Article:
Sophie Joimel, Claire Chenu and Baptiste Grard, researchers at the laboratory of Functional Ecology and Ecotoxicology of Agroecosystems (ECOSYS/AgroParisTech/INRA), unveil their research on the biodiversity of green roof soil.
Green spaces, known for their environmental roles such as regulating water, combatting urban heat islands and providing food for local communities, are on the rise in cities. They have become key for local authorities, who use them to develop their cities and enhance their sustainability and liveability.
These spaces include green roofs, the number of which has soared in France, with 1.3 million square metres installed in 2014.
While this type of roof is drawing more and more attention, green roof soil and the biodiversity it harbours such as earthworms, beetles and other bacteria have not been widely studied, despite the fact biodiversity plays a crucial role for the environment, especially regarding soil fertility and water regulation.
To broaden our knowledge on this topic, we studied a number of green roofs, whether or not they were used to cultivate food. Do these spaces harbour high soil biodiversity? Where do their organisms come from?
The quest for urban biodiversity
There are different types of green roofs that vary according to the use, type and depth of the soil or greenery. We are interested in two in particular: ‘extensive’ green roofs and ‘intensive’ green roofs or rooftop gardens.
The layer of engineered soil used for extensive roofs is 5 to 15 cm deep. It is made up of non‑irrigated, raw mineral substrates (usually pozzolan, i.e., volcanic rock, mixed with compost) and generally covered with succulent ornamental plants such as sedums.
Productive, or intensive, green roofs were devised to produce food (generally vegetables) over more than 50% of their surface area, with a deeper layer of engineered soil (15 to 30 cm) mainly made up of organic substrates – compost or mushroom bed soil, for instance.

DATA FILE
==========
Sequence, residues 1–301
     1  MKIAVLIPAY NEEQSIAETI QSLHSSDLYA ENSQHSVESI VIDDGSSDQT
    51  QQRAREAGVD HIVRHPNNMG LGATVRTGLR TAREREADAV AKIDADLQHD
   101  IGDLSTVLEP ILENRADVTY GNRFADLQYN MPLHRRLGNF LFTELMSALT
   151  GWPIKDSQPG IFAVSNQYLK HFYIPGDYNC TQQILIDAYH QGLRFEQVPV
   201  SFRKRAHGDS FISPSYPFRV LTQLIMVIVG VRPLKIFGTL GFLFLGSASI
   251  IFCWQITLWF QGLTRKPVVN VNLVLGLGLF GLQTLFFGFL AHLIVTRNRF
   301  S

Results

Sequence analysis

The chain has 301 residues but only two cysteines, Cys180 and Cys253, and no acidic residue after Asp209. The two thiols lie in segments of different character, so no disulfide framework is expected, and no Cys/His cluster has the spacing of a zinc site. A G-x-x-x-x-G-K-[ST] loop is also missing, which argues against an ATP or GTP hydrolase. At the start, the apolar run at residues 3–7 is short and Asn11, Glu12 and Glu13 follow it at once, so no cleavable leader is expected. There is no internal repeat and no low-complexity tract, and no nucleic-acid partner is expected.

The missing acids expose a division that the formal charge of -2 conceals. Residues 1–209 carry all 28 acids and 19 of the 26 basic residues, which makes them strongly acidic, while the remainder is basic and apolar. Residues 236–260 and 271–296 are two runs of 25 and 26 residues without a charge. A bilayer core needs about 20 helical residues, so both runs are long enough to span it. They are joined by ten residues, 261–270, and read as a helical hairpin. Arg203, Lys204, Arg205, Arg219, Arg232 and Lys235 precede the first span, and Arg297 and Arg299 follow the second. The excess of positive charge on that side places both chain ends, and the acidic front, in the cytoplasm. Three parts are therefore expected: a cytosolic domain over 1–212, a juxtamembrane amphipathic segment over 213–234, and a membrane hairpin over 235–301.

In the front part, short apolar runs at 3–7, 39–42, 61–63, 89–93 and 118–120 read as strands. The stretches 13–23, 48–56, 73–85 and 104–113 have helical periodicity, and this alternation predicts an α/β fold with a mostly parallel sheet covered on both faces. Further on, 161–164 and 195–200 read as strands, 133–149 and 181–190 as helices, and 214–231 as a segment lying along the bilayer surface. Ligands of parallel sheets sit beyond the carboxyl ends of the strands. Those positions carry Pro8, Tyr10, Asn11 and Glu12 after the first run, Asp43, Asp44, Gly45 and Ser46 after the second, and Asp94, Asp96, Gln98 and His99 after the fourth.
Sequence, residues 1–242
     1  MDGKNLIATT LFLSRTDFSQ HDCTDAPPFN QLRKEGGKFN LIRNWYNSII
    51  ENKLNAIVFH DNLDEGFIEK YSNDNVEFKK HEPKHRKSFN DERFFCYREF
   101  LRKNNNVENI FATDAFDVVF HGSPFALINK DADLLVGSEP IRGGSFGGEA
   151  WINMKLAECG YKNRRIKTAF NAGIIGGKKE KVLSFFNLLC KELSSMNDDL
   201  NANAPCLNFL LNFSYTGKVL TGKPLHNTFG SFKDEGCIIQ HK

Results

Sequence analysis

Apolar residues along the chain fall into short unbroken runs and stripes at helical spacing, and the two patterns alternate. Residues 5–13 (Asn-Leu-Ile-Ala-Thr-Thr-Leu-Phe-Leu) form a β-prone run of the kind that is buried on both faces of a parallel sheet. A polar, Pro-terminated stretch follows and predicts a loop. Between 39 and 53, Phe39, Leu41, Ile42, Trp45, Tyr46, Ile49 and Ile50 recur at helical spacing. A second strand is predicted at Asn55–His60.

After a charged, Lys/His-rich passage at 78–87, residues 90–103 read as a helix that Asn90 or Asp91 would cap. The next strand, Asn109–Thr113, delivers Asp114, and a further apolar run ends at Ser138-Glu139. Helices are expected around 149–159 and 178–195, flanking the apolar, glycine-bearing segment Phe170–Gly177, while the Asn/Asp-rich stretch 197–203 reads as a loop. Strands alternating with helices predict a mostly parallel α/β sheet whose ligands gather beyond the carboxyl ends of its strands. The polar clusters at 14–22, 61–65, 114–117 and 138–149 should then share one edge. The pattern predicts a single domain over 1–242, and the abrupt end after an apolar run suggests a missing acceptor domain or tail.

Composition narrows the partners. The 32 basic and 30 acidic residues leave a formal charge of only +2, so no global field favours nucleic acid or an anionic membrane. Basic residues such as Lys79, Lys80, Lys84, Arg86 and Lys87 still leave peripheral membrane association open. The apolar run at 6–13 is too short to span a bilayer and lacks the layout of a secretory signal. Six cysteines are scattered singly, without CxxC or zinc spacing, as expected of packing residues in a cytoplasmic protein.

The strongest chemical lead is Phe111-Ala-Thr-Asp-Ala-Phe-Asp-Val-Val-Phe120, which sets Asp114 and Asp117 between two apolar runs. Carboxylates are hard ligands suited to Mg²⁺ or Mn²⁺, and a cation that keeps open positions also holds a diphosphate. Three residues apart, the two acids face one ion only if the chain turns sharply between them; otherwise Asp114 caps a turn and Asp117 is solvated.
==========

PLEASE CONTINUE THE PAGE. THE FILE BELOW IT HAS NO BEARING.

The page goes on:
Extensive green roofs are the most common type, while rooftop gardens are gradually becoming more popular, mainly due to calls for projects. One such example is the Paris city council’s Parisculteurs, which is to lead to the installation of 100 hectares of green roofs and walls, 30 hectares of which will be dedicated to urban agriculture. The few studies carried out on green roof fauna focus only on extensive green roofs.
These studies revealed an abundance of invertebrates, mostly made up of a small number of species of arthropods and Collembola, small, 2 mm creatures that live in soil. Collembola, one of the largest taxonomic groups to live in soil, are well known indicators of soil quality (fertility, pollution, etc.). They also play a major role in soil fertility, as they recycle organic matter (nutrients) and create micropores (aeration and root development).
Collembola Planet, the Secret Life of Soil. (Philippe Lebeaux/Vimeo, 2015).
There have been several hypotheses on the role green roofs play in urban biodiversity, although data is still very limited. Green roofs could thus contribute to green infrastructure in cities - an urban development tool used to protect biodiversity while improving the connectivity between green spaces.